There's actually a fixed statutory period on corporately owned works, given that the life + X years scheme wouldn't work very well there. But yes, they have extended it and can be expected to lobby for further extensions, most likely by trying to convince different countries to leapfrog each other in the terms they offer.
Free Culture is itself freely available online, highly recommended reading: http://manybooks.net/titles/lessiglother04free_culture.html
He's commenting on federal law, which indeed applies to the United States as a whole, or do you claim otherwise?
"America usually refers to either:
"The Americas, a landmass comprising North America and South America
"The United States of America, a country in North America"
This case was an automatic audio match. Somebody from BMF has looked at it, and the claim has been released. Note that this happened around 5 hours after the dispute, and less than 8 hours after the automatic claim was created, which I believe is a pretty great turnaround time on a weekend.
In addition to these media covered cases, I have noticed cases of very old public domain works being seized by corporations with no involvement in their original creation.
If they owed $100k every time they made a false takedown, they'd probably be a lot more careful in the future.
As for judgment on the actual issue, I think ContentID bends over backward to big content to forestall more heavy handed moves, at the expense of bad mistakes like this one.
It looks like it's profitable for BFM to claim or create lots of media clips so they get paid for these ads, in the interim period before the creator appeals. To fix it the incentives would have to change.
Here's a prior example where BFM erroneously claimed a license to a classical performance, which messed with ContentID.
Youtube should punish BFM's mistake.
I also want to know what happens to the ad revenue - do Youtube just keep it; or do they still pay it to the original company; or do they attempt to claw it back at some point; or do they pay it to the real creator of the work?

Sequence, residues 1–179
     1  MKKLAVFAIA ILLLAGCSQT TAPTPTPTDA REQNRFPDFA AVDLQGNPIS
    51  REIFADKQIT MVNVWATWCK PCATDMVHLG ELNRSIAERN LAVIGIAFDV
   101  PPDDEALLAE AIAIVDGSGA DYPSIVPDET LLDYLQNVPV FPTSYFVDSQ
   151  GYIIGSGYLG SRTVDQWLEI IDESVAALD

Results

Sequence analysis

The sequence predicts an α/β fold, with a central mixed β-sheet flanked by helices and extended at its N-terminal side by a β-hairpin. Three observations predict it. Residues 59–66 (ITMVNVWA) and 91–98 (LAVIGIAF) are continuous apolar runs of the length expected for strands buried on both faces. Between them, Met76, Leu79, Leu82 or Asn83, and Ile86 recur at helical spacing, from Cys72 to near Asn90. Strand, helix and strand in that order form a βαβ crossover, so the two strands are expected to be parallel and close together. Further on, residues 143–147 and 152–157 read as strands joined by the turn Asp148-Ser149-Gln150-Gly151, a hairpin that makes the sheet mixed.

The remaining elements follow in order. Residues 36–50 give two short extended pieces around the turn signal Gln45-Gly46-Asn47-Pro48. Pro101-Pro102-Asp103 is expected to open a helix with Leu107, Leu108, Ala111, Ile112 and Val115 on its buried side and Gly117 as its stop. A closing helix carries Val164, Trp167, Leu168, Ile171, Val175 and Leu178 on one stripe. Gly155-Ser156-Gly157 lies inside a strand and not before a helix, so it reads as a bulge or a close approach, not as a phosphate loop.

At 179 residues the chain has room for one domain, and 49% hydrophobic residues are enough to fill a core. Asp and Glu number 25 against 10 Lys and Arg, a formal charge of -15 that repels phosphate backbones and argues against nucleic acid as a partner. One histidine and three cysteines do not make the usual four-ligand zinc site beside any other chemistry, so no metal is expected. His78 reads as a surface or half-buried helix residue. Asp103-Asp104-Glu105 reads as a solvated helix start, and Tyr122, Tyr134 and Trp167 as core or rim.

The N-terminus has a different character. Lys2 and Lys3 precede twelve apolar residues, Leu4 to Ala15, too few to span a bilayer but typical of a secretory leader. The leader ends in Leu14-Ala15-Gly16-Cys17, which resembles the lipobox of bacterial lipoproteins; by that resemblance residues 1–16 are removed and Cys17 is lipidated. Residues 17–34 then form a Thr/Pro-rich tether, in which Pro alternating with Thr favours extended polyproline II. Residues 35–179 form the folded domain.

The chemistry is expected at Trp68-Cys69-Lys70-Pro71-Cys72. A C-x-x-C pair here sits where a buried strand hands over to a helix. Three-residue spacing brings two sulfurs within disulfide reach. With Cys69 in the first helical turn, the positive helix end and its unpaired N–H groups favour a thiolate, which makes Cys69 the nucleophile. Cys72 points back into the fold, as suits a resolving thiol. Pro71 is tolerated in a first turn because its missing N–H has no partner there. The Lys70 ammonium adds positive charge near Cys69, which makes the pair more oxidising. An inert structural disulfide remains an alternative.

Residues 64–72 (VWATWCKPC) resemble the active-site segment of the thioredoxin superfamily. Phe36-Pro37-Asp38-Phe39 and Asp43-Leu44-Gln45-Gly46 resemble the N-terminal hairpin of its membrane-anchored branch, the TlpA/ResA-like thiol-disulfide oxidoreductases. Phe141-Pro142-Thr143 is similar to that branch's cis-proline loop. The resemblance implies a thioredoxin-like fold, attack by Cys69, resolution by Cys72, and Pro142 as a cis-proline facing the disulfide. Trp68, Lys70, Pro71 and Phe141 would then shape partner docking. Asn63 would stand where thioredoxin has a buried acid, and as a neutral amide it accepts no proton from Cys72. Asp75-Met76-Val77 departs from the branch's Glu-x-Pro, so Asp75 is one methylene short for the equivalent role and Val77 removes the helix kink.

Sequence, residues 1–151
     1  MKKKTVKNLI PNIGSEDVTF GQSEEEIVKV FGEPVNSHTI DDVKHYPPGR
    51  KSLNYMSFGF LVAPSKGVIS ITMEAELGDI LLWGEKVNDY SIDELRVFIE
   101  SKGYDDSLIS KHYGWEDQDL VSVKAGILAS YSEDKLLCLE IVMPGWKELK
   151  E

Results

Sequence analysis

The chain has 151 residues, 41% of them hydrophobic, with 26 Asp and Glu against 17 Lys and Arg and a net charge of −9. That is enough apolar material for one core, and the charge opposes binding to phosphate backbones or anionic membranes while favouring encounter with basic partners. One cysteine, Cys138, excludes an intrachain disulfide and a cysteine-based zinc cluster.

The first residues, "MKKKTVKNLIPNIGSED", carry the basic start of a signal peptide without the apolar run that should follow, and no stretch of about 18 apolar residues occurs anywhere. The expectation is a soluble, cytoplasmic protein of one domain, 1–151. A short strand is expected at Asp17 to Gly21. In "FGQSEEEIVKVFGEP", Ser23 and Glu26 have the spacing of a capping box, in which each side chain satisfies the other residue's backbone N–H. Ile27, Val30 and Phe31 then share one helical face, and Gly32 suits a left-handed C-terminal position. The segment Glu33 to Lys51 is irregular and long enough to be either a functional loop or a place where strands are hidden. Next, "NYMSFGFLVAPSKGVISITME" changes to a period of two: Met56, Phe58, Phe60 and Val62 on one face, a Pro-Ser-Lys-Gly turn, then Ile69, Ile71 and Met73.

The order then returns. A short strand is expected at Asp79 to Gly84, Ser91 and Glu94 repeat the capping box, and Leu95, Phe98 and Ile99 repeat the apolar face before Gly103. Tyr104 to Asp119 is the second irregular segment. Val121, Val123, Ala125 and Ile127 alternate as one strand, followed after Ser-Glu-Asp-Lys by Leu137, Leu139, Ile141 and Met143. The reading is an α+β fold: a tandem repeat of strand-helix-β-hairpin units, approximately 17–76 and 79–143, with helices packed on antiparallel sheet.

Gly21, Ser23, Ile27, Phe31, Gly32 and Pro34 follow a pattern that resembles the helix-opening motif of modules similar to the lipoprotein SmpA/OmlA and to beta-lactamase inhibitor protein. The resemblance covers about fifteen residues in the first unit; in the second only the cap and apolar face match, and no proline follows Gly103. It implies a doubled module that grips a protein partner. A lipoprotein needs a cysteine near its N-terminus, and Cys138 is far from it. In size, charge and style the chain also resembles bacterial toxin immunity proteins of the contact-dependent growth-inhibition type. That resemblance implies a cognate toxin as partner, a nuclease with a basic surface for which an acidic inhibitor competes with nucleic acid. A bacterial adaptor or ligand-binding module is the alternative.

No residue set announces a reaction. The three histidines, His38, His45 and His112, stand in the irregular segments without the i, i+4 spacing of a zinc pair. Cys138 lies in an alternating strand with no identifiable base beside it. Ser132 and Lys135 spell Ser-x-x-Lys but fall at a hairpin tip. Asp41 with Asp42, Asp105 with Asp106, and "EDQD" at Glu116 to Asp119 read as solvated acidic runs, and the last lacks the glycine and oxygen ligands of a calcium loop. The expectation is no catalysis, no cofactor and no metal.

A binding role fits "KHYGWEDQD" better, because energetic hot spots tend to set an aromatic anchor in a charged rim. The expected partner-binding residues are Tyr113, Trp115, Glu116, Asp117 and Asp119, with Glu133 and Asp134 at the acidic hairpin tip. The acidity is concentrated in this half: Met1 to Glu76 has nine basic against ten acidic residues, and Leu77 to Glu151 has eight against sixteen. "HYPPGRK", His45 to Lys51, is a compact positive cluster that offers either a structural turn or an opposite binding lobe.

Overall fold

Regular law abiding people are accused of being terrorists and resources are used to chase shadows.
It's the same thing in this situation everyone is guilty unless you can prove you're not, meanwhile the real crooks are nowhere to be found.
Could this possibly be a case of YouTube mistaking something in the video as similar to something registered to BMF?
Thanks for all the tips! I'm reading through these comments now.
As such, BFM giving such a sample to Youtube's automated infringement detector strikes me as copyright trolling -- it's inevitably gonna get lots of false positives, and they get to make a bit of money off each before the YT appeals process works itself out.
It seems that the fault rests squarely on YouTube for not getting this right.
There are some forms of art which can survive on minimal economic returns. There are other forms of art which will not.
The game rules are in place, some abide by them and some don't.
I just have no idea how such an economy might operate and still remunerate creators for their work.
If it really is your "baby", then keep it to yourself, keep it safe. I wouldn't let any baby of mine out in to any marketplace alone.
Tortious interference with a contract, perhaps. Copyright violations, perhaps. But not slander.
This is a regrettable situation, that the OP got caught up in a detection system, but YouTube must do this kind of stuff, otherwise, the courts will mandate it.
It's never a bad thing to vote with your feet and no product or service provider should ever take its market prominence for granted.
Edit: The comment at https://news.ycombinator.com/item?id=4122258 was posted while I was typing this post and is a lot more informative. :)
If the titles on HN now have to match the article title, you should just change the posting guidelines. Coming along 12 hours later and changing a post title is just power tripping.
Yes, piracy and copyright infringement is rampant, but by both individuals and corporations. A great example is the Amen Break. If you've got 20 minutes, I can't suggest this video enough for everyone:
It's in everything from old hip hop, to Oasis' "D'You Know What I Mean?" to the original Futurama theme song!
And all used with, according to the creators, absolutely zero royalties. (And they're fine with it, having been told. They get it.)